Here are some examples of the kind of hazards that might apply to your IOSH Managing Safely project if you are a construction worker. Location Hazard A building site is often a hazardous place to be so there are lots of location hazards to choose from. Do not worry if these hazards do not really exist, no one is coming to audit your workplace. This isn't cheating, the project is a test of whether yu understand the process of risk assessing, not a test of whether you have conducted a suitable and sufficient risk assessment of your workplace. Perhaps you have scaffolding on site, let's say 3 stories high. You might describe how there is no netting fitted. The hazard is that equipment or materials could be dropped and they might fall of the scaffold. If people were walking at the base of the scaffold, in the area within 10' or so of it, they might be hit by falling objects. Equipment Hazard Many tools that are used in construction work cause a noise problem some cause a vibration problem and many cause both. A Kango type hammer would be a good example. You could describe that it makes a lot of noise and you could then go on to describe how the operator is exposed to these excessive noises. Perhaps the user wears hearing defence but those working close by are affected. Alternatively you might describe how much these things vibrate and then explain how the operator might suffer with a vascular disorder, hand harm vibration perhaps. Activity Hazard These need to be related to the "doing". Perhaps you need to drill a number of holes in a number of walls at a height [...]
If you are completing your IOSH Managing Safely project you may be aware that it is based on the risk assessment process, you may even be aware that it is like no risk assessment that you will ever complete, probably. IOSH ask us to differentiate between between hazards that are caused by the nature of the location, the nature of the equipment and substances that we use or hazards that are caused by the way that we do things. IOSH call these activity hazards. Perhaps IOSH would like to confirm that you understand what is causing the problem after all, if you don't understand what makes things go wrong you couldn't do much to prevent it. So, what is an activity hazard? Imagine (if you need to) that your job entails dealing with members of the public, who are your customers. I'm sure that you're aware that we can't satisfy everyone all of the time. some people can can get quite irate, which could be an activity hazard. If we were to describe this activity, in relation to the hazard, we might say that we deal with complaints from our customers over the phone. The hazard would be presented if from time to time some of these people get quite angry and verbally abuse, creating a stressful situation perhaps. In this case the hazard is dealing with customer complaints over the phone, the hazardous event is that customers become aggressive, abusive and threatening. This could cause stress, leading to ........., well, why not look up some of the signs and symptoms of stress in your IOSH Managing Safely workbook? If you deal with customers over the counter could result in similar customer aggression but now [...]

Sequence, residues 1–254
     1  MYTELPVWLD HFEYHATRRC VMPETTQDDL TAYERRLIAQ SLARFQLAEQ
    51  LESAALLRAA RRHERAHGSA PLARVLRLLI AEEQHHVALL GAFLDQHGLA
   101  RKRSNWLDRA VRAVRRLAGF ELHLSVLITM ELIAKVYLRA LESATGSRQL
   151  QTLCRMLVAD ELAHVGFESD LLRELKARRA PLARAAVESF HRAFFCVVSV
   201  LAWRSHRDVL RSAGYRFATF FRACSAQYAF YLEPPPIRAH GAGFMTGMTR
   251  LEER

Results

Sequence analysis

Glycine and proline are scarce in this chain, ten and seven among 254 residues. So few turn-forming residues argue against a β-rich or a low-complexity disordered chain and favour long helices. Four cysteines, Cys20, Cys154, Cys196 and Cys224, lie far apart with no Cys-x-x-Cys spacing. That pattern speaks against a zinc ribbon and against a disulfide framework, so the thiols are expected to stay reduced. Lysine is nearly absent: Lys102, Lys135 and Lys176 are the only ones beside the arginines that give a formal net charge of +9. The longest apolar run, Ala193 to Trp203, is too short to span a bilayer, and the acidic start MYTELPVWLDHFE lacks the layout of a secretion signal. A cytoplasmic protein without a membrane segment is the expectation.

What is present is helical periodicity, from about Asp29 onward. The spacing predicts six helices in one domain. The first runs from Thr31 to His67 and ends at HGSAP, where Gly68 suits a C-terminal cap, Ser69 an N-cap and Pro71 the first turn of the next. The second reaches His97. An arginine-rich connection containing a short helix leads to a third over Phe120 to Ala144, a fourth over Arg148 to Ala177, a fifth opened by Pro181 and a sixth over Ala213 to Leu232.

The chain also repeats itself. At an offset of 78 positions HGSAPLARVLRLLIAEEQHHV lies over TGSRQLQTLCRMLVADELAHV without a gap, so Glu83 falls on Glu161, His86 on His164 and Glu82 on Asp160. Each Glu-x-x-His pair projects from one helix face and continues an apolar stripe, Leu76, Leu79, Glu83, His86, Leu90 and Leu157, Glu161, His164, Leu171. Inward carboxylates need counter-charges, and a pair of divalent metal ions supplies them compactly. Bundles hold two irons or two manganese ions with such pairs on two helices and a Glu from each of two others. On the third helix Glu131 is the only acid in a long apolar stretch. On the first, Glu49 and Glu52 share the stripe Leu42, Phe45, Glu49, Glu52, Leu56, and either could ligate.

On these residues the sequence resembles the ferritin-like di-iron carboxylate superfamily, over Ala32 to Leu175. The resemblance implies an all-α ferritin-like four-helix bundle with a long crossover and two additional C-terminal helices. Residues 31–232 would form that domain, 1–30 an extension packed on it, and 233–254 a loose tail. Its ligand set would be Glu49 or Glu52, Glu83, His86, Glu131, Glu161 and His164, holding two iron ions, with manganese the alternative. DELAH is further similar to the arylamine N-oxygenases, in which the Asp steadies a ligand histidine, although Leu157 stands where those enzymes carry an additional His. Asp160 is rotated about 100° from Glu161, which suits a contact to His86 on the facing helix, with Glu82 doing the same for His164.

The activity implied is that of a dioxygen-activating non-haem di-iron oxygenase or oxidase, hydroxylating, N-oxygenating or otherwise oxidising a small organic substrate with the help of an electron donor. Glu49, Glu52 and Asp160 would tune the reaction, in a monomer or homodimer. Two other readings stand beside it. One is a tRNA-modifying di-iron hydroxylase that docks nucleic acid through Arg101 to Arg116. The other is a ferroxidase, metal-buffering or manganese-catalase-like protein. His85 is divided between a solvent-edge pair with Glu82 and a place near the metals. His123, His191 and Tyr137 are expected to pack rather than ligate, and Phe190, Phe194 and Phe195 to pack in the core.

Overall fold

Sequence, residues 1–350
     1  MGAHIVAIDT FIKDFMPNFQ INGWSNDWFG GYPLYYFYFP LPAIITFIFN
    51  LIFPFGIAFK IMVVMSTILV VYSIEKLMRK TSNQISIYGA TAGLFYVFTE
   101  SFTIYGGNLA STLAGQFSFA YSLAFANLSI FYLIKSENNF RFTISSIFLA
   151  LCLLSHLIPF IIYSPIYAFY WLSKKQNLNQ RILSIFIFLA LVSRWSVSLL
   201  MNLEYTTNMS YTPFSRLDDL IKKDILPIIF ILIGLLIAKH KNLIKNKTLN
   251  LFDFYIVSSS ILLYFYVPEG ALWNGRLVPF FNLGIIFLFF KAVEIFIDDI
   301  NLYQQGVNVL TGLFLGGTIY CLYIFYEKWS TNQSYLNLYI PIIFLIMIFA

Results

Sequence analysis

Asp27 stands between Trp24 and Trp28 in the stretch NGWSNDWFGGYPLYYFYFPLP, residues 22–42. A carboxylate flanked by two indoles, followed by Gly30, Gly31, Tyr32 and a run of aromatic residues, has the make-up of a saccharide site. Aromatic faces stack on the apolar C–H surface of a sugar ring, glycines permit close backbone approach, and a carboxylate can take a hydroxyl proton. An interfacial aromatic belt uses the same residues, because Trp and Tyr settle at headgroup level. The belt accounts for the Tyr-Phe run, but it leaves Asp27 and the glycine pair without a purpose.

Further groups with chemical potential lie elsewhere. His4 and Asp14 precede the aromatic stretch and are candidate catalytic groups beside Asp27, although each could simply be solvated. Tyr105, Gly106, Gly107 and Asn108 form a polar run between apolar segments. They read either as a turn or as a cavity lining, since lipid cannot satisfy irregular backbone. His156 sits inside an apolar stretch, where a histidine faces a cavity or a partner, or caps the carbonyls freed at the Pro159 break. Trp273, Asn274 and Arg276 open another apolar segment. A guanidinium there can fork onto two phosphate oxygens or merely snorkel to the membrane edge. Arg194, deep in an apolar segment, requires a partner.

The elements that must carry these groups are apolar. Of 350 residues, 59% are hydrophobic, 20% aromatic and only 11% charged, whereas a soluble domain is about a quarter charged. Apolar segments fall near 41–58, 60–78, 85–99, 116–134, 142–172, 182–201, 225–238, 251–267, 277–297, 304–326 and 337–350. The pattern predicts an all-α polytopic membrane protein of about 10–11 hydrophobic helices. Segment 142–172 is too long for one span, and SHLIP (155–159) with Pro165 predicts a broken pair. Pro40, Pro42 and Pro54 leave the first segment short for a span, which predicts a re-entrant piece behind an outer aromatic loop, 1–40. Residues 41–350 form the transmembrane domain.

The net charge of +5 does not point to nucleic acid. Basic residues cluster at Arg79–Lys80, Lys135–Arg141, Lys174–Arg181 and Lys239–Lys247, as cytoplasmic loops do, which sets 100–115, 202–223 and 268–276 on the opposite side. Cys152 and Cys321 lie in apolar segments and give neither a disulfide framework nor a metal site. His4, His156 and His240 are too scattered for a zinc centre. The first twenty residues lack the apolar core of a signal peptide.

This months course is a 3 day course for just £395+VAT. The 3 day courses consist of the same 24 hours learning as the other formats, the days are just longer. If you don't want to lose 4 or 5 days work to gain your IOSH Managing Safely qualification this course could be for you so book it now.
Let's start by clearing up a few misunderstandings about the project. Firstly, it isn't a test of whether you have been able to conduct a suitable and sufficient assessment of all of the reasonably foreseeable risks in your workplace. It's just a test of whether you understand the process of risk assessing using the 5 x 5 matrix approach. Secondly, no one from IOSH (or your training provider) is coming to your workplace to confirm your measurements, that details of your declared equipments and substances are accurate and complete, or any other aspect of your project. For the purposes of your IOSH Managing Safely project your workplace is what you say it is. In this project you will be asked to differentiate between location hazards, equipment and substance hazards and activity hazards. I have never seen a risk assessment that requires the assessor to do this. It may be fair to assume that IOSH wish to confirm that you understand what is the cause of any given problem. After all, if you can't, how would you control the risk? In part 1 of the project there are just 14 points available. These are 14 easy points but they are often missed due to common mistakes. Here are a few tips to avoid these pitfalls: In the first cell we are asked to provide a description/sketch of the location. I'm sure that you have heard the expression "a picture paints a thousand words". Use a sketch. It would be difficult to fit a thousand words in here. In the second cell you will need to describe a range of people including your colleagues, contractors, visitors, members of the public and even trespassers. People often tell me [...]